This colour postcard is one of three depictions of the Christian Island Lighthouse collected by the Huron Institute between 1904 and 1939.
For many, the white limestone tower and keeper’s cottage will bring to mind Collingwood’s Nottawasaga Lighthouse. Both towers were built by John Brown as two of six Imperial Towers on Lake Huron and Georgian Bay prior to Collingwood’s incorporation in 1858.
The following text appears on a commemorative plaque unveiled by the Huronia Lightstation Preservation Society in 2007 to commemorate the 150th anniversary of the Christian Island Lighthouse:
"The first of the 'Imperial Tower' lighthouses to be completed and the first official lighthouse on Lake Huron’s Georgian Bay. Constructed in 1857, it was one of six similar lighthouses commissioned by the province of Canada West. These lights were strategically positioned to mark the busy yet treacherous trade routes that had become established on the bay. The lighthouse and the keeper’s residence were contracted to stone mason John Brown of Thorold Ontario. Brown was renowned for his fine workmanship, winning medals for innovation in plaster and cement at the 1855 Paris World’s fair.
The light was built upon a timber crib and stands 55’ in height to the focal plane. Its walls are constructed of hand faced limestone six-feet thick at the ground level. The stone was quarried from the nearby Niagara Escarpment and delivered to the site by sailing vessels, several of which were lost to severe weather before reaching their destination. The original lantern room was designed and fabricated by the Louis Sautter Company of Paris France and housed a state of the art Argand lamp fixed within a 4th order Fresnel Lens.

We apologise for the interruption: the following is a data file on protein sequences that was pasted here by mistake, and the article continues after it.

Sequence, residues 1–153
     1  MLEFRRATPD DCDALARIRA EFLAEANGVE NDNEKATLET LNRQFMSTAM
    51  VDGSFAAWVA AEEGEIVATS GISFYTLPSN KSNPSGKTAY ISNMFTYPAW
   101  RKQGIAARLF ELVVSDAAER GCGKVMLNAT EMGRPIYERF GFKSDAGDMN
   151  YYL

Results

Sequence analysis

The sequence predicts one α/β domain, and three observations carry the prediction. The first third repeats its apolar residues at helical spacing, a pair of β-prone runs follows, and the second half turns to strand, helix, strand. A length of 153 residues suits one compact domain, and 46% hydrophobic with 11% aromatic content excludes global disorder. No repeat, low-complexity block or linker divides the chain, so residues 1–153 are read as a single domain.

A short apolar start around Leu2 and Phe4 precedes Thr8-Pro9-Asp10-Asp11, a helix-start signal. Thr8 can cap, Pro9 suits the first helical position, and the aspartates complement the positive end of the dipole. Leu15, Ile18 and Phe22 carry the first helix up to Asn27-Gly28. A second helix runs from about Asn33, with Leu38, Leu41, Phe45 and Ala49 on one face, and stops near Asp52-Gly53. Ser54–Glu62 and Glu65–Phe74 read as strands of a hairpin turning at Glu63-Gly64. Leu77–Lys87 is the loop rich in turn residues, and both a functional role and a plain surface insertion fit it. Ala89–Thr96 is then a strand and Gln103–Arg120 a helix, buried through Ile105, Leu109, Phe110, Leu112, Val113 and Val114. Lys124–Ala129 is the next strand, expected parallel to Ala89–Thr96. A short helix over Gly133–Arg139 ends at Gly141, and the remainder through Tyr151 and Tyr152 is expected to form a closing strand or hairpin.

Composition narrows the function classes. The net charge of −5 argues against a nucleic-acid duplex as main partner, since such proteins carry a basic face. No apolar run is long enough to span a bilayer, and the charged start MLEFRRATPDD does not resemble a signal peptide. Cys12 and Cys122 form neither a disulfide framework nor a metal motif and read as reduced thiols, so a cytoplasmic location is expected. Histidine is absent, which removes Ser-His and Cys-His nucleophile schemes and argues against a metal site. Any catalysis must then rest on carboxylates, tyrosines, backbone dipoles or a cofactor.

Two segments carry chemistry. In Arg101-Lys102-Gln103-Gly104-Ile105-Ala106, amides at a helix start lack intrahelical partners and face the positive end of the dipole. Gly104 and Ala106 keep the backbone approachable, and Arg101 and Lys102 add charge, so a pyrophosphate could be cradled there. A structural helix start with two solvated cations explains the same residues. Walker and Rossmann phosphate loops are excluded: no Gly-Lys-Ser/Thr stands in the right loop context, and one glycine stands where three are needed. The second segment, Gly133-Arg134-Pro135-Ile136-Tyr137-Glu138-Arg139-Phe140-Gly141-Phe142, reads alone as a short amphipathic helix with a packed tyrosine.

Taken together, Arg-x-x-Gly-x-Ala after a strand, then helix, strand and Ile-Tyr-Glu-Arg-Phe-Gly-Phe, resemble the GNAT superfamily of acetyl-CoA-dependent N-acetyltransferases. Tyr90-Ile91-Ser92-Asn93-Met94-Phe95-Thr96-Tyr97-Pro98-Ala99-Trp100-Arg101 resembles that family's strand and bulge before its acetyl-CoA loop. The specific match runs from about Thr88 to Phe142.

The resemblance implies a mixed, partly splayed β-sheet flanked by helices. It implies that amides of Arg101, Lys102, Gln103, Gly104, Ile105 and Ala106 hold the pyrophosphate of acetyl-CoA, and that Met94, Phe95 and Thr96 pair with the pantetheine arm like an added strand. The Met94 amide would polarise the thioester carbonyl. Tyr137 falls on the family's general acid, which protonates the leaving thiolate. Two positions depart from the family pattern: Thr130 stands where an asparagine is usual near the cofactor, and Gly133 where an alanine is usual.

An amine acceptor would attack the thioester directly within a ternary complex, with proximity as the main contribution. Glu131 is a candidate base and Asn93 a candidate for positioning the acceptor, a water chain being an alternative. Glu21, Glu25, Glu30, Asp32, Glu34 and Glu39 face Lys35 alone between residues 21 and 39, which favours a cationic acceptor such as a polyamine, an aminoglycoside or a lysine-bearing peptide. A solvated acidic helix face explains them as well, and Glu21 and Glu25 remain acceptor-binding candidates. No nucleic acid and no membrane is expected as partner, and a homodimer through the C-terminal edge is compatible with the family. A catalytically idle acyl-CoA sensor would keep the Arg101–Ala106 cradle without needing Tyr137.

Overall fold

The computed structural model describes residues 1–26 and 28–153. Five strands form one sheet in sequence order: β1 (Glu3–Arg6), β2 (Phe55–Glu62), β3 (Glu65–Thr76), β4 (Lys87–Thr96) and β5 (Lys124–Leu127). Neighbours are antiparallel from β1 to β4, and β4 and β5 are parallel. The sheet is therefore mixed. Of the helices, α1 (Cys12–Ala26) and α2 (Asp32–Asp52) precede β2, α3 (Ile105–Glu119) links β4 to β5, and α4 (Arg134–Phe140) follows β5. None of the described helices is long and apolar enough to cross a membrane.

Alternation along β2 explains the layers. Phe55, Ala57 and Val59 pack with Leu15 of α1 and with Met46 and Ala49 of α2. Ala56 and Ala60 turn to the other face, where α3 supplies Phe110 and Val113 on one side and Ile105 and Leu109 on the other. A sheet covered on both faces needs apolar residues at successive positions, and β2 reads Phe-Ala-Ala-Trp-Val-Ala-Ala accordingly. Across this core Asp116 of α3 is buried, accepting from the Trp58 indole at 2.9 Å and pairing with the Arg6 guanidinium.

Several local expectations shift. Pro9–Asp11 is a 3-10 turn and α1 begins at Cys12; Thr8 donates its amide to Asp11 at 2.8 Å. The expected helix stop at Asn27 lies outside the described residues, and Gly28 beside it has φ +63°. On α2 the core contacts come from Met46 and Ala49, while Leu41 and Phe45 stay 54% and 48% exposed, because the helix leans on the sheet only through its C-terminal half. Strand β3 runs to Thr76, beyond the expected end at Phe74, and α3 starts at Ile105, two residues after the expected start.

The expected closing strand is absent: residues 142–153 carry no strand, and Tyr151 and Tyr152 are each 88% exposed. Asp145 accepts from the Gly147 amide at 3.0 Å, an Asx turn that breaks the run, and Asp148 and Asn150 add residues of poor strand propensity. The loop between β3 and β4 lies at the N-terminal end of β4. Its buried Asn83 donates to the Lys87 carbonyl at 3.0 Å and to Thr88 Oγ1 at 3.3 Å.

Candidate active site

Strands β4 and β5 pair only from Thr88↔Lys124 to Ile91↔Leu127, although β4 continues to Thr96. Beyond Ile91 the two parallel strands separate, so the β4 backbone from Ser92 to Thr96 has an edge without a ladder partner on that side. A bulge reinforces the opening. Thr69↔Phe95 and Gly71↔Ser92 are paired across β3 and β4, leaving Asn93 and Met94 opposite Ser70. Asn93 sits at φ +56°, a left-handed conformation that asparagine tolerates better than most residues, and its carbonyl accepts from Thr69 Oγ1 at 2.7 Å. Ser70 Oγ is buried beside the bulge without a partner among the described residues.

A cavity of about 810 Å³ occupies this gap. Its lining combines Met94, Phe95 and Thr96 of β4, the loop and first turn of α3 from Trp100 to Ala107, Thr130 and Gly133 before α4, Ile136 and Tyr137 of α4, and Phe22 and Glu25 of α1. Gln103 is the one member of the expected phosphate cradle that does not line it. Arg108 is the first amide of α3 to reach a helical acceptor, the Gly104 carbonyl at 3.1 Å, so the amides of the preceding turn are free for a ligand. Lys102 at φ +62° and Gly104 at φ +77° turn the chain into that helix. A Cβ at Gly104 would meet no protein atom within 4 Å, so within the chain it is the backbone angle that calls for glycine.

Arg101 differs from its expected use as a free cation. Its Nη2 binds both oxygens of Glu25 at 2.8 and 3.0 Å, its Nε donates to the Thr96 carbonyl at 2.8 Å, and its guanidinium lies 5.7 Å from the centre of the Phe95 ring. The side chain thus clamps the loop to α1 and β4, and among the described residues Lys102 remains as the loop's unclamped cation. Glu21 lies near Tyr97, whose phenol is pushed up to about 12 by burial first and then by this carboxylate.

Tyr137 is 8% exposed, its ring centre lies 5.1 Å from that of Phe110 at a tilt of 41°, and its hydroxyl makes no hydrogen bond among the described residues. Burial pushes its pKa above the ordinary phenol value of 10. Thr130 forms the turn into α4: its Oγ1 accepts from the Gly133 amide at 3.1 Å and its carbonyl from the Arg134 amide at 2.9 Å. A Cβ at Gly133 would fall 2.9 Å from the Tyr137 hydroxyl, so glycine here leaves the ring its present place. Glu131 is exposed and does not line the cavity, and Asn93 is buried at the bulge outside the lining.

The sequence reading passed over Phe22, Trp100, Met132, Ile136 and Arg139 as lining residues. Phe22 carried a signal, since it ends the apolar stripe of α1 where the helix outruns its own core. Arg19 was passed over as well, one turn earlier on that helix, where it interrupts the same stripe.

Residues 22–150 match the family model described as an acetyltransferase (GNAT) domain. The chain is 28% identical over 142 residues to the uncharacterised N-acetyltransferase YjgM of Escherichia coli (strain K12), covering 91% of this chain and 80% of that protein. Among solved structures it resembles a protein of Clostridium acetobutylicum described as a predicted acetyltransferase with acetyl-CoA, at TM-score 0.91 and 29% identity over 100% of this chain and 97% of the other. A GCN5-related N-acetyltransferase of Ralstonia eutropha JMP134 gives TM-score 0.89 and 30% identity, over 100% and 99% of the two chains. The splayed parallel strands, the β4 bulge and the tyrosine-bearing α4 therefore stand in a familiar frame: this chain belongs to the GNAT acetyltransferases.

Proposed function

To learn about current restoration efforts for the Nottawasaga Lighthouse, please visit the Nottawasaga Lighthouse Preservation Society’s website www.nlps.info.
Remember This is a weekly series of historic photographs submitted by the Collingwood Museum to CollingwoodToday.ca. These photographs were originally collected and documented by the Huron Institute in an historical catalogue entitled Huron Institute Paper and Records: Volume III. Much of Collingwood’s early history has been preserved due to the dedication and foresight of the early museum’s founders, namely its secretary-curator David Williams, upon its establishment in 1904.